Thankfully, I had a helping hand, one that reached through the dark curtains and guided me to a doctor who helped me see that these thoughts weren’t normal, and most importantly, that I didn’t cause them. I realized just how much my family and I had to lose. Suddenly, things looked better, a clear answer emerged: I had been having multiple major depressive episodes, along with persistent depression (previously called dysthemia), and ADHD. I had made it this far in life by medicating with an addiction to achievement, using the anxiety from my depression to spur my ADHD mind into a hyper-focused state every time I needed a new goal to reach.
With all that’s happened, and the greater perspective that came from diagnosing, understanding, and successfully addressing my ADHD and depression, I actually consider myself luckier than ever, even though these illnesses will always be part of my life. The power of healthy thinking is apparent to me now, in addition to the otherwise healthy lifestyle I already understood as a former athlete. Instead of feeling weak or broken, I understand my capabilities. I’m excited by the strength these experiences have given me, and the understanding that in addition to their burden, these lifelong conditions have some benefit, like drive, resilience, and increased accuracy in worldview that I can actually use to my advantage. Instead of feeling burdened, now I look forward to using these skills to explore exciting and difficult things, like clarifying the intersection of Understanding and Belief, and identifying ways that healthy habits and constructive behavior can be achieved at scale, using mechanisms such as open science, competition, constructive thinking, and inclusive action.
I feel such gratitude to all those that helped me, along with those in the Orion Alliance and elsewhere who are pursuing such noble endeavors to help the many who continue to suffer in silence. And what is really important, translating these things to an individual level, helping those who want help to see the value in addressing and embracing these conditions, rather than hiding them. After all, I’m living, breathing proof.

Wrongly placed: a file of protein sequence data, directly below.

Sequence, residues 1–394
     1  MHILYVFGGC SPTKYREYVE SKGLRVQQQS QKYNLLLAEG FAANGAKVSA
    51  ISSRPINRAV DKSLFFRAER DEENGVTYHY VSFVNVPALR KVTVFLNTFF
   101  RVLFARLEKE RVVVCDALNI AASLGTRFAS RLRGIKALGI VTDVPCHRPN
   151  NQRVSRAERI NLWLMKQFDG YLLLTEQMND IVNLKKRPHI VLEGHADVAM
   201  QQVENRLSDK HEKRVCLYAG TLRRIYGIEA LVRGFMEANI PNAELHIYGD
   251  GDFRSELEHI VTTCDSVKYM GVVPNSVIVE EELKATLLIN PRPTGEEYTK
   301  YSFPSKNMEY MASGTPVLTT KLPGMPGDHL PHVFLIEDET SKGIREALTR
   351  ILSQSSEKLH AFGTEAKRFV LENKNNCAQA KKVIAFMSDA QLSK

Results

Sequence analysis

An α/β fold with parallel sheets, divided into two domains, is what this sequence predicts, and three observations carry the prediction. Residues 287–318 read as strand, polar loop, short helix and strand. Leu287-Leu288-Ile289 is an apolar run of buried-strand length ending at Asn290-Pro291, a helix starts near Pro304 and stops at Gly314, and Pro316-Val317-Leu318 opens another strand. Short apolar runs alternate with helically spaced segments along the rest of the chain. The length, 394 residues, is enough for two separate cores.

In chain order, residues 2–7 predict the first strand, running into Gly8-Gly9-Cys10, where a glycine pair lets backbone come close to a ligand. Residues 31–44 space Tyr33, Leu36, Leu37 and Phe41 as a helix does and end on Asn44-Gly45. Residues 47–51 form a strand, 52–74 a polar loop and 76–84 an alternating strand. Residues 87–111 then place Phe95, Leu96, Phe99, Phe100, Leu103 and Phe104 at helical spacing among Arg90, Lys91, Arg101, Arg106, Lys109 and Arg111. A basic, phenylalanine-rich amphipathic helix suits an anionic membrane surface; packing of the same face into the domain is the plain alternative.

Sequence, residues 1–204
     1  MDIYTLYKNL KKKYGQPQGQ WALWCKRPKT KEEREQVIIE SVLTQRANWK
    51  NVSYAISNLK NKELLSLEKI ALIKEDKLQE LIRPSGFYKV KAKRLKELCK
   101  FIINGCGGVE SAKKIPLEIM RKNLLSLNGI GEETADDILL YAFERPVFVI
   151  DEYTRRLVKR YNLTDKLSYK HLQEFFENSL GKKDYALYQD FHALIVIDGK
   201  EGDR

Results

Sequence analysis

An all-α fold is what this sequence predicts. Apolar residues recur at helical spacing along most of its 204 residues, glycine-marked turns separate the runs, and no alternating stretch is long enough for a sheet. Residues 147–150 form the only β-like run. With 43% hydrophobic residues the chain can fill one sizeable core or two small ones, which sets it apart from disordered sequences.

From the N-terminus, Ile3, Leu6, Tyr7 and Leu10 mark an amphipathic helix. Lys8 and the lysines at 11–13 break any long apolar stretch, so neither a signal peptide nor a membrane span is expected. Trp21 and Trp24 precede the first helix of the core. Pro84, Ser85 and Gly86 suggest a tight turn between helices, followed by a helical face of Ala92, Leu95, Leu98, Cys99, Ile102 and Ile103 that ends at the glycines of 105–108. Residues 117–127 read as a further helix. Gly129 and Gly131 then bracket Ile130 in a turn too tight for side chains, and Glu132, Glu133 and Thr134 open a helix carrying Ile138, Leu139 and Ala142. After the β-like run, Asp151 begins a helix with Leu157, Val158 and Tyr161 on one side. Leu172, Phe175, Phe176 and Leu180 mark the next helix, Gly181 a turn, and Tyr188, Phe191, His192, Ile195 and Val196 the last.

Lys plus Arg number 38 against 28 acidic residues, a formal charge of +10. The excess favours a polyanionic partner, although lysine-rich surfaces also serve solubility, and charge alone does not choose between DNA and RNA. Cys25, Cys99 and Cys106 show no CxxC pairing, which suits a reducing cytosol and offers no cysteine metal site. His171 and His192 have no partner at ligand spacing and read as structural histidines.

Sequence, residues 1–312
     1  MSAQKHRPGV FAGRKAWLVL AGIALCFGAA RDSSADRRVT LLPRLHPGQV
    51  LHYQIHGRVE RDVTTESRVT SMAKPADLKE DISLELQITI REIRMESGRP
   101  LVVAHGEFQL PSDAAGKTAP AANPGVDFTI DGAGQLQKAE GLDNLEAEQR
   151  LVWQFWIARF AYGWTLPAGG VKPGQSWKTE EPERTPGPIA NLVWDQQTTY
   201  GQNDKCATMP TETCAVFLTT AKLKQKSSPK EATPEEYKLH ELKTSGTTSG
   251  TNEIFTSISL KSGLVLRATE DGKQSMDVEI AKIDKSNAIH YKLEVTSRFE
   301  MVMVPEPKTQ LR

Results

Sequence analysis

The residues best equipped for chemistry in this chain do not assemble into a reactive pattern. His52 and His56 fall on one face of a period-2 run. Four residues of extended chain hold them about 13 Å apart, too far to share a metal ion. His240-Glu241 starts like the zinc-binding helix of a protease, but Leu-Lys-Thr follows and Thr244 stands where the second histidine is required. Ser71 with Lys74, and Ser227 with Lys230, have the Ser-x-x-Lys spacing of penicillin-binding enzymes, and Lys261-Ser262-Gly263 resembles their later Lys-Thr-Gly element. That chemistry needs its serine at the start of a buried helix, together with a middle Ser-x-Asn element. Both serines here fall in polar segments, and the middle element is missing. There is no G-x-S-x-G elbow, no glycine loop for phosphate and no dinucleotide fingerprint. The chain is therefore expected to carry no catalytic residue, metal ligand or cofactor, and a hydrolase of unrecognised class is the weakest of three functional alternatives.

Depression truly is a disease of the walking wounded; we hide everywhere in plain sight, suffering in silence. The stigma surrounding mental health is astounding. Even those who have suffered with depression in the greatest positions of power, speaking in a safe forum, still tend to discuss it in a very dismissive and distant way, as though these disorders were long in their past, far outside their body and being. It is discussed in a way eerily similar to cancer 50 years ago, or HIV/AIDS 30 years ago: both diseases that were feared largely for lack of understanding. Worst of all, is the belief that something biological and chemical is actually a weakness or a character flaw, and that people suffering from mental health disorders deserve to be ridiculed, or harassed. It’s no wonder the depressed want to hide.
In the wake of Robin Williams’ untimely death there has been much discussion about depression and suicide. Perhaps now is the time to start actually listening to the individuals that are still here. It’s easy to fear what we don’t understand, even simple things like actively listening to someone talk about their depression. We must know and remember that talking is a good thing. Silence is far more dangerous. So, let’s keep the discussion going: here and wherever it’s welcome.